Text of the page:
UAW Asks NLRB to Void Union Loss at Tennessee Volkswagen Plant

The United Auto Workers (UAW) filed a legal challenge late Friday with the National Labor Relations Board (NLRB) to the certification of the organizing vote it lost last Friday at Volkswagen's auto plant in Chattanooga, Tennessee. The challenge was submitted just hours before the seven day post-election filing deadline expired.

On Tuesday, attorney Joseph Farelli, a nationally recognized labor law expert, told Breitbart News the UAW would have little chance of success if it filed a challenge to NLRB certification of the election. "I don't think the NLRB is willing to break new ground and state the conduct of a third party is sufficient to void the outcome of the election."

As Farelli explained, labor law on the grounds for filing a challenge to an NLRB certification of an organizing election is very clear.

"I think [the UAW] have an uphill battle because normally there are 'laboratory conditions;' neither the union nor the employer can make incendiary comments," Farelli said. "Volkswagen didn't make those type [of] comments. The union would have to show the employer made those comments violating those 'laboratory conditions.'"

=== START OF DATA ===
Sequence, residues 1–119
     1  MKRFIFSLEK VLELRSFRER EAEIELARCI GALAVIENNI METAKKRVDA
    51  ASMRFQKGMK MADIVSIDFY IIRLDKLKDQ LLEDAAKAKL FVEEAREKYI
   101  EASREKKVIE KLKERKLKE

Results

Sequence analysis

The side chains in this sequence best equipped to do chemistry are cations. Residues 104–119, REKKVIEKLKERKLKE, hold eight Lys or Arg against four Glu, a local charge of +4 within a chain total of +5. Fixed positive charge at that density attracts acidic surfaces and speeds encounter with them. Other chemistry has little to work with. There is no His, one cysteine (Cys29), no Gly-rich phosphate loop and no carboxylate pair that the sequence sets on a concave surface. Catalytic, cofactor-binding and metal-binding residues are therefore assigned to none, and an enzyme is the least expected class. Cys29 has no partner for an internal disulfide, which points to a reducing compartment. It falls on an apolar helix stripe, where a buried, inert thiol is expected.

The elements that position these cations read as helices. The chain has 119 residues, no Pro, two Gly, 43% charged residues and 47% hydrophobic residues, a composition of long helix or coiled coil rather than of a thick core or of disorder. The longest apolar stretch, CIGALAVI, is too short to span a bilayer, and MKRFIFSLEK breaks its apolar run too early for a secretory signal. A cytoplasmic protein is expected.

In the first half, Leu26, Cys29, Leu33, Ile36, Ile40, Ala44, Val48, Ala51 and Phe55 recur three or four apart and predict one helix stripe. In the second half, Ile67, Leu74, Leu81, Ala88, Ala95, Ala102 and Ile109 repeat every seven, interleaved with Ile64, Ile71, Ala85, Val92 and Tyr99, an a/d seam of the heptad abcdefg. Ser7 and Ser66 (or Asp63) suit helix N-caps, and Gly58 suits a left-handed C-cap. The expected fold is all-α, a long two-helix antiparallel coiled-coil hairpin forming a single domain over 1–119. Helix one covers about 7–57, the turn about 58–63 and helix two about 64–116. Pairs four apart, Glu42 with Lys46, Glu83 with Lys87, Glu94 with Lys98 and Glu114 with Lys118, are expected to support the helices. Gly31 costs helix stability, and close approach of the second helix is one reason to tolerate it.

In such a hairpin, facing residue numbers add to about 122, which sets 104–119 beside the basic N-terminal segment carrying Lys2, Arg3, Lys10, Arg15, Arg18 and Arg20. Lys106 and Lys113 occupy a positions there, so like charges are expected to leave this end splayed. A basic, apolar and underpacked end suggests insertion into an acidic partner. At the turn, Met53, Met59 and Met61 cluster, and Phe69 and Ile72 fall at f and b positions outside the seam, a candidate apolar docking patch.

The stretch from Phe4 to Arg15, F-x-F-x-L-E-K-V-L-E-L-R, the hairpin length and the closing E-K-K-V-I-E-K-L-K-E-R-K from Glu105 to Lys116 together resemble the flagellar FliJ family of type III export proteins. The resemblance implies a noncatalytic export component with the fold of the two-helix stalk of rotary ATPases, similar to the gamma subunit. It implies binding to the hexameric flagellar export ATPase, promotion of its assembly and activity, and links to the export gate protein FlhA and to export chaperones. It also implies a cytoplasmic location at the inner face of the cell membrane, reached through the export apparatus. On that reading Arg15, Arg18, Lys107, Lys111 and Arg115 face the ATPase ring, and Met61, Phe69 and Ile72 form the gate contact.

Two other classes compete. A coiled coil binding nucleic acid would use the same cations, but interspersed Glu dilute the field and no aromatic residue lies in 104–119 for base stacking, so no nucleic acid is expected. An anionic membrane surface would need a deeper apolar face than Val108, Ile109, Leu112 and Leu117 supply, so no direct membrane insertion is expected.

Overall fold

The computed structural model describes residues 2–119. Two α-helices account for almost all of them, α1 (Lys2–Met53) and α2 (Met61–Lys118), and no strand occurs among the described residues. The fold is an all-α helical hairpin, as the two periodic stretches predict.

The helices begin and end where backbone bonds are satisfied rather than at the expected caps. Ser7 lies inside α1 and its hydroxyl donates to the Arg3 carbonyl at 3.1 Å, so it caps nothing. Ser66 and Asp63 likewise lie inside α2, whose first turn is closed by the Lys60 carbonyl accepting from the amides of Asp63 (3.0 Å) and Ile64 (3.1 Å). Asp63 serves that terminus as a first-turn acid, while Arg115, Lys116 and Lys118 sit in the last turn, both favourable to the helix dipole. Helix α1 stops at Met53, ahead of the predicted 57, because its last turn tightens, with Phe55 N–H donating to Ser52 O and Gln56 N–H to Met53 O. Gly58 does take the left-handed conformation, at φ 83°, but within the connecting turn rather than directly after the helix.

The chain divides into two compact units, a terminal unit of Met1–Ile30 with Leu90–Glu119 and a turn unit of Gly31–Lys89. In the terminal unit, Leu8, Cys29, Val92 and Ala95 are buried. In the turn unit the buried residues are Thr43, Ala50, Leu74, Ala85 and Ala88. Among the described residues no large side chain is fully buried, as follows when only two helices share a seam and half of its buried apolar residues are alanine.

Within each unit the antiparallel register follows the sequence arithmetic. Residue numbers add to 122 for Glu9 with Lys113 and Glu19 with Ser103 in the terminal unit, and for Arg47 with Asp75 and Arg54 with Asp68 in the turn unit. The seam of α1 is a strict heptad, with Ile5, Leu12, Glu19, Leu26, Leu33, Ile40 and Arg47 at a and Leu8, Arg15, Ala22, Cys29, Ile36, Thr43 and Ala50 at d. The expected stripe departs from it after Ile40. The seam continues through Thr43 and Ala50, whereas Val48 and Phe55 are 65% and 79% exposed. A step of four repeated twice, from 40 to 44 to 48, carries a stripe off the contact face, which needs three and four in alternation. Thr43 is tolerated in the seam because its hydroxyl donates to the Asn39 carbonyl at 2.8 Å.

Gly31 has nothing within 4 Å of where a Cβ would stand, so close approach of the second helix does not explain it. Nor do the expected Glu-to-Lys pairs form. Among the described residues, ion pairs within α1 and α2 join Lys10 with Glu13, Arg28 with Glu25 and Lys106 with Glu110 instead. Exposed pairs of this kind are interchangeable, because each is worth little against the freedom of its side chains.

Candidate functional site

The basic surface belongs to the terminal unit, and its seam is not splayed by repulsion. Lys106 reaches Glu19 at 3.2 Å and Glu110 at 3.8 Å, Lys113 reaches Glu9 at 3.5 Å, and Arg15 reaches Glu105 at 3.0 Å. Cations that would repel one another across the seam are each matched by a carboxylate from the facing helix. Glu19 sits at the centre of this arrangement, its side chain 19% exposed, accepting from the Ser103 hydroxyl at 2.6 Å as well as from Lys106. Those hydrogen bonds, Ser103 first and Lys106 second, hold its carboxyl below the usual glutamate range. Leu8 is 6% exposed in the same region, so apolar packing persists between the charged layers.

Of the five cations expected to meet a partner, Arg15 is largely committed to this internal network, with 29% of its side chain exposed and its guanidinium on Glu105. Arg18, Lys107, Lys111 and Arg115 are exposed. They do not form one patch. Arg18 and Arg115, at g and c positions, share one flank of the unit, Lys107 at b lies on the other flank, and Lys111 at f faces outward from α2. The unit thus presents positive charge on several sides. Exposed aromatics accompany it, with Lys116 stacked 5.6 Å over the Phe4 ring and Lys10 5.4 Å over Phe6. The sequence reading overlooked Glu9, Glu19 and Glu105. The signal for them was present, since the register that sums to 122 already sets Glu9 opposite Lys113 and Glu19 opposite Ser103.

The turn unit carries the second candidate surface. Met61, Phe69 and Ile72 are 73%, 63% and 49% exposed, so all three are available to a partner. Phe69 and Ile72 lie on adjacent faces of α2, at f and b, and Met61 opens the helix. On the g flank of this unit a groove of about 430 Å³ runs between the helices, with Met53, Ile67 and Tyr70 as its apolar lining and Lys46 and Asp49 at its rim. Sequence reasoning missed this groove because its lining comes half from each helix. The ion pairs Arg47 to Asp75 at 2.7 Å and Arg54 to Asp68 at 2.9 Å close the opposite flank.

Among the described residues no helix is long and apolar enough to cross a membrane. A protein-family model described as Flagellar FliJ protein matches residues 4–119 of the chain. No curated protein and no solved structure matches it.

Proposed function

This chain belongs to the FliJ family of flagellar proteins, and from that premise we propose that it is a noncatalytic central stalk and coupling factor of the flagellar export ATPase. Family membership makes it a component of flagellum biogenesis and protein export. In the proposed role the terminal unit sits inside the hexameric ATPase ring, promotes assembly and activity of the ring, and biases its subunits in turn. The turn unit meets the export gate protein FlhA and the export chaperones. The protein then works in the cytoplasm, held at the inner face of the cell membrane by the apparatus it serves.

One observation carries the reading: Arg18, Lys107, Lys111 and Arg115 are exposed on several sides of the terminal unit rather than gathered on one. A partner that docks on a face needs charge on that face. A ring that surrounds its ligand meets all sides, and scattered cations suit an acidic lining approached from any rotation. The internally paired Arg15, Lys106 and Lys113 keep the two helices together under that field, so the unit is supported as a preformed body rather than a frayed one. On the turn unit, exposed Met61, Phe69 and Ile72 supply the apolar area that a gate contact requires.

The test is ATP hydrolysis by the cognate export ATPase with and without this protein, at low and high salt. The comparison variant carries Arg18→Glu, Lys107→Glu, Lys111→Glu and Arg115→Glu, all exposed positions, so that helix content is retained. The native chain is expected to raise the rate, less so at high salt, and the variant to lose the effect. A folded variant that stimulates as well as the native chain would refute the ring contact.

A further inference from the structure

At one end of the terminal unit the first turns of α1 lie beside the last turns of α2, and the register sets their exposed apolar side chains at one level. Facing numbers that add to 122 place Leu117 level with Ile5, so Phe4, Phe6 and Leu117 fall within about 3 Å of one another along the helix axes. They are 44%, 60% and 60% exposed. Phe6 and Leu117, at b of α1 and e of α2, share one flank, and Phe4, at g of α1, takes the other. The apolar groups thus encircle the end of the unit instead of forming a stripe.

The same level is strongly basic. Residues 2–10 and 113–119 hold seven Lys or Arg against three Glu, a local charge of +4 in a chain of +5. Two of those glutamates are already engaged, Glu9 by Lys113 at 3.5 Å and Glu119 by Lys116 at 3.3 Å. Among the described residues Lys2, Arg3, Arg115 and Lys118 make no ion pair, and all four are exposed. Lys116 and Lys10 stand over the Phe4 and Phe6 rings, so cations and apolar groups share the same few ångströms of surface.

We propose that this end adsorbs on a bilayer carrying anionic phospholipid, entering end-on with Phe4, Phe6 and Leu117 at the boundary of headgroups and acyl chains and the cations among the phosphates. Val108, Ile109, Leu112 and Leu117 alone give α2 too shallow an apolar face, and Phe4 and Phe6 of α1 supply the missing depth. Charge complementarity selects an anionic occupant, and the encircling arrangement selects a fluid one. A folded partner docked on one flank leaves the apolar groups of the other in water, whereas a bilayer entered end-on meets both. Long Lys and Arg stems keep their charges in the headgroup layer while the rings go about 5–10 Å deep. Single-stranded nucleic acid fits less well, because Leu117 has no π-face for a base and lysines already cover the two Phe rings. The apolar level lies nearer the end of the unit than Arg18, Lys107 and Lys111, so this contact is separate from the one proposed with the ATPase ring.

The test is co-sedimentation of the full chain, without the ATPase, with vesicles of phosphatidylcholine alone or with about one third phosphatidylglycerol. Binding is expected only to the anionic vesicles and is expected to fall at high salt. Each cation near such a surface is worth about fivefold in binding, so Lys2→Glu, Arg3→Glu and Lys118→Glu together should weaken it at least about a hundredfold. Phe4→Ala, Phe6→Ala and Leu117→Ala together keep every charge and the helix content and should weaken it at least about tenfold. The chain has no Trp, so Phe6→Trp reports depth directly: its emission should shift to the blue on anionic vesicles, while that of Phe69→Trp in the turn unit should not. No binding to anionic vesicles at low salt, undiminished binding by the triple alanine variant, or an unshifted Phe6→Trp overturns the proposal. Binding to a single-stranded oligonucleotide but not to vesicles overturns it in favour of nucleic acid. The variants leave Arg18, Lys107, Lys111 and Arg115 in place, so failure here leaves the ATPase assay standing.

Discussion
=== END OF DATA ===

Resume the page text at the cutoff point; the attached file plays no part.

Though Tennessee Republican Senator Bob Corker made public remarks prior to the vote that a successful UAW vote would hurt future Volkswagen expansion, Farelli explained that "the law doesn't cover outside groups. They would have to show Volkswagen was coordinating efforts with the outside groups... Bob Corker is not an agent of the employer."

In its complaint, however, the UAW decided to ask the NLRB to break new ground. It alleged that Corker's comments "intended to coerce employees to vote against UAW."

The NLRB, dominated now by Obama administration appointees, may be so emboldened by the lack of any successful pushback against numerous other Obama administration violations of constitutional constraints on executive branch power grabs that it will decide to change the law on its own.

For his part, Corker was dismissive of the UAW when he learned of its legal challenge. "The workers at Chattanooga's Volkswagen plant spoke very clearly last week, so we are disappointed the UAW is ignoring their decision and has filed this objection," he said Friday.

The UAW's decision to file a legal challenge to the certification of the Volkswagen election results despite the lack of any supporting grounds in existing labor law may indicate that the union's lawyers have an insight into the willingness of the NLRB commissioners to discard the rule of law. Given the Obama administration's long record of blatantly usurping Congress's legislative authority in innumerable other situations, it seems more likely that the NLRB will bow to the UAW's wishes.


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